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Interview Tips to be Successful in Facing HRD

Nervous about the job interview in a few days? That is fair thing. But no need to worry too much. Careful preparation will make you better prepared for all eventualities.

As a provision, here are some interview tips that you can apply to be successful in dealing with HRD later.

Personality is the Most Important Criteria for HRD

Before learning good interview tips, you need to know the following facts. It turns out that work experience is not the highest factor in a smooth job interview. The first thing HRD pays attention to is personality.

According to the A.Sterview TopInterview report and job search platform Resume-Library, job applicants’ personalities influence 70 percent of employers’ ratings, along with skills and experience. While education only affects 18 percent.

According to the CNBC Make It article, the most undesirable personality traits of an employee candidate are arrogance, dishonesty, lack of reliability, and narrow-mindedness.

Job Interview Tips

The following are simple interview tips that you need to remember and practice at home. Imagine that you are facing an interviewer and answer any questions that may be thrown.

Share your abilities with enthusiasm and confidence.
Avoid convoluted explanations when giving long answers
Show that you are able to work in a team
Don’t think about the answer for too long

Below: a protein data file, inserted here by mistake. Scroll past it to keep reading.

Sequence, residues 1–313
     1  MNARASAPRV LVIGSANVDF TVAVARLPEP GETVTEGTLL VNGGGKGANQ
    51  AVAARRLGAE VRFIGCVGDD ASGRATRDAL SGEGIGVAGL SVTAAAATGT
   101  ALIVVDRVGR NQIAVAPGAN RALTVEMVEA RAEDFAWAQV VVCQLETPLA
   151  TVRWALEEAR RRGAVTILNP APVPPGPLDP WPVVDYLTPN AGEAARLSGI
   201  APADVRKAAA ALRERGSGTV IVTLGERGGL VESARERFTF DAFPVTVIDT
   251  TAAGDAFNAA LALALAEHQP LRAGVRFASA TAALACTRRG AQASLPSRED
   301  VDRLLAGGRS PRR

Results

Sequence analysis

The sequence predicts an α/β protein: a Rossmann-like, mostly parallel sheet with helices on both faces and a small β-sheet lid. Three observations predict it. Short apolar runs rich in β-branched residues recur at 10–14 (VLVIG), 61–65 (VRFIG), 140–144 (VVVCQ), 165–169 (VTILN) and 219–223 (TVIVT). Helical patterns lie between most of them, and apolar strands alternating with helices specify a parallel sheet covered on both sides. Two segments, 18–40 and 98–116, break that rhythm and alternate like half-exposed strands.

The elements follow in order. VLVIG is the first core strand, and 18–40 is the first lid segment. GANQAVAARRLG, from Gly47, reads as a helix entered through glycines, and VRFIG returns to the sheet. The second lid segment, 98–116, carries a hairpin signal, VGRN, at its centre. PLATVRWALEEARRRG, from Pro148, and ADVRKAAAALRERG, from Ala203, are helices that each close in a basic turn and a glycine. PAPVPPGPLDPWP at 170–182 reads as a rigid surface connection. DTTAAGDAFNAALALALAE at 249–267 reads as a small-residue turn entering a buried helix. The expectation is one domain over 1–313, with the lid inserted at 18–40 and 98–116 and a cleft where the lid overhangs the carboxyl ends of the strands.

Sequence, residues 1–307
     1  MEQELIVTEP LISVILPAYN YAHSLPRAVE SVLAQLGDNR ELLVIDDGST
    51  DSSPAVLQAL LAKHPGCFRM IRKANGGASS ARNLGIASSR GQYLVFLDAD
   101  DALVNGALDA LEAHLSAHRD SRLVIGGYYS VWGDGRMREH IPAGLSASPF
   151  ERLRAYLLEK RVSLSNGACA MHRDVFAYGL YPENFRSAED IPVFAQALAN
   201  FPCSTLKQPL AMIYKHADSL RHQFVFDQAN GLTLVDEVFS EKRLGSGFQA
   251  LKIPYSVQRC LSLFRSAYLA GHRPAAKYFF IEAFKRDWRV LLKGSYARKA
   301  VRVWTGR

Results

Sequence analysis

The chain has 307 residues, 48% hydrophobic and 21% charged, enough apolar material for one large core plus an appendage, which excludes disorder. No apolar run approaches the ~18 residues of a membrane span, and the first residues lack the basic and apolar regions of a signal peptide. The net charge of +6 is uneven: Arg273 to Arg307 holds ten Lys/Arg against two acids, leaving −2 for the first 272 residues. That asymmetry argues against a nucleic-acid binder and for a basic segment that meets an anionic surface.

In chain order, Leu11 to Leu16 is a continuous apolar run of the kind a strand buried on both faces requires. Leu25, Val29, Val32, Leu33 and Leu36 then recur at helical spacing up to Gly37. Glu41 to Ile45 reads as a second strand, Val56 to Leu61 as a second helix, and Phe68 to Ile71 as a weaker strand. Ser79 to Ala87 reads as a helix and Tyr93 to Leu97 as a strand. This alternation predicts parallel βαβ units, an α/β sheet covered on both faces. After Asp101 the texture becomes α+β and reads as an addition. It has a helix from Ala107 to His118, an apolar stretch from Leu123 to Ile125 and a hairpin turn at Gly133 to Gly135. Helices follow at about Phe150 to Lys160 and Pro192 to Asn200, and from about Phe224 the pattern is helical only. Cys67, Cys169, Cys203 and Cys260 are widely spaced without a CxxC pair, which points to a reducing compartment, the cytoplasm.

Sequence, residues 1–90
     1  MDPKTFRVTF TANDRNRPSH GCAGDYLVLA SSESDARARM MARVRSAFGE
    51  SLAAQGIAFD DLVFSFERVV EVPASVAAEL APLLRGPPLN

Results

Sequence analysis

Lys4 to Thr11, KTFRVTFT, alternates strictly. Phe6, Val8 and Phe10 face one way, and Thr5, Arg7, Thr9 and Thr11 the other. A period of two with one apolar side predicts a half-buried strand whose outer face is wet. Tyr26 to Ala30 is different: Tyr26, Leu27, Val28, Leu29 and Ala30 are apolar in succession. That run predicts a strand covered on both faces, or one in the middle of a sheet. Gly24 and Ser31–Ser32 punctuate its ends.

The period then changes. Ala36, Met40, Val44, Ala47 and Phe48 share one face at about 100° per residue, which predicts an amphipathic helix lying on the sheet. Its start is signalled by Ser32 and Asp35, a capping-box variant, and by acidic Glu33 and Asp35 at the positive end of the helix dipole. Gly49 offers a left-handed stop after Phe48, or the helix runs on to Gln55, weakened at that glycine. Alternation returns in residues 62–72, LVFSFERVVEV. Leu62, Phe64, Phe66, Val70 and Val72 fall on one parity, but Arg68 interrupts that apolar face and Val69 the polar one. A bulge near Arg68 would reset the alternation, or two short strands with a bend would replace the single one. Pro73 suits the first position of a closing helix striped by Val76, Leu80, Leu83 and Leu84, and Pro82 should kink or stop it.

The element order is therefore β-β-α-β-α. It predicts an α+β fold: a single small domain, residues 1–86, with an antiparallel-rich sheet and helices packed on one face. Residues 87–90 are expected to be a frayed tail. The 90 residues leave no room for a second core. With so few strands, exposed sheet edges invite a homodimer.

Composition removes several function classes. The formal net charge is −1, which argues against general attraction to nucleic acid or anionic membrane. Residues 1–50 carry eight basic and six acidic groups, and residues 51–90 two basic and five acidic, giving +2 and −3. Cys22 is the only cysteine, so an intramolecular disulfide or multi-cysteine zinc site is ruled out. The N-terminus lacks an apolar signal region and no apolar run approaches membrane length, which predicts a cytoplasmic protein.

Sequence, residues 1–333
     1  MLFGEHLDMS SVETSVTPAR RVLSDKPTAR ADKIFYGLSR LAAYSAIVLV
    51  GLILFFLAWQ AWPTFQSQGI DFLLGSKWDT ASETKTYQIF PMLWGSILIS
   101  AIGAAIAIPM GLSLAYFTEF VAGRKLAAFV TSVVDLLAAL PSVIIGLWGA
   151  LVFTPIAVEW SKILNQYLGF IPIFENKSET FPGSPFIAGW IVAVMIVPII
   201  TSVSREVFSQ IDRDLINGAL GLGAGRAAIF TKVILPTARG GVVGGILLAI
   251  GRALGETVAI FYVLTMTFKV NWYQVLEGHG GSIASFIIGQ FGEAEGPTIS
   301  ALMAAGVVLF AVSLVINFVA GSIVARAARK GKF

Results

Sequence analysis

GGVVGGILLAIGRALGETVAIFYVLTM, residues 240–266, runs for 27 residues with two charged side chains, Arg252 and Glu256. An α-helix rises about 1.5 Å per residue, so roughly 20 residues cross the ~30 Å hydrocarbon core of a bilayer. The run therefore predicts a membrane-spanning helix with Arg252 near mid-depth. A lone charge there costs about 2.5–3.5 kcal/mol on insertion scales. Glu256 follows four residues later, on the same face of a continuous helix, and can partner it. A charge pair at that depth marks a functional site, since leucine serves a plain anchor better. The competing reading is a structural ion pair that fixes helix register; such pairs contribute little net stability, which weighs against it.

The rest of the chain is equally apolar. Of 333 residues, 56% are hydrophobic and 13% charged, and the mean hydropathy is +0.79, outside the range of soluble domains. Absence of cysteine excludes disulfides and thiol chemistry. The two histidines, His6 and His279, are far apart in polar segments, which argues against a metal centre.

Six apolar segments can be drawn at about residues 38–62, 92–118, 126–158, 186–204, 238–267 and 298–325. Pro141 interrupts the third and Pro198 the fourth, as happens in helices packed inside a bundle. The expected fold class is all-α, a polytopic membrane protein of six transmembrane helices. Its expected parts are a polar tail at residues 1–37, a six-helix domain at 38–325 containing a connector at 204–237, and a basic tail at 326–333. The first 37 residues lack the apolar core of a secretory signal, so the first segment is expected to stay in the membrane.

Answer diplomatically, but not grandiose-m
Do not expose the company’s previous disgrace (if you have worked elsewhere)

Online Interview Tips

Currently, interviews do not have to be done face-to-face. For the sake of practicality and time efficiency, companies often hold online interviews via telephone calls or video calls.

What can you do when faced with an interview like this? Here are some things you need to pay attention to.Make sure the laptop or gadget equipment used is functioning properly to avoid an unprofessional impression.
Look directly at the interviewer, not your image on the screen
Stay polite and formal, even if you are not in direct contact with the interviewer

Frequently Asked Questions During Interviews

During a job interview, interviewers sometimes ask unexpected questions. But most of the questions asked are not much different, really.

The following are questions that usually come up during a job interview.

1. “Tell me about yourself!”

When asked to describe yourself, it’s not just your personality and character fit with the company that the interviewer wants to know. Questions like these are also useful for measuring your communication skills. So as much as possible answer calmly without stammering. It’s even better if you can tell things that haven’t been listed on your resume. Because your ability to present yourself is also assessed through this question.

Through this question, the interviewer wants to know how serious you are about joining the company. Do a little research on the company profile and the position you are applying for.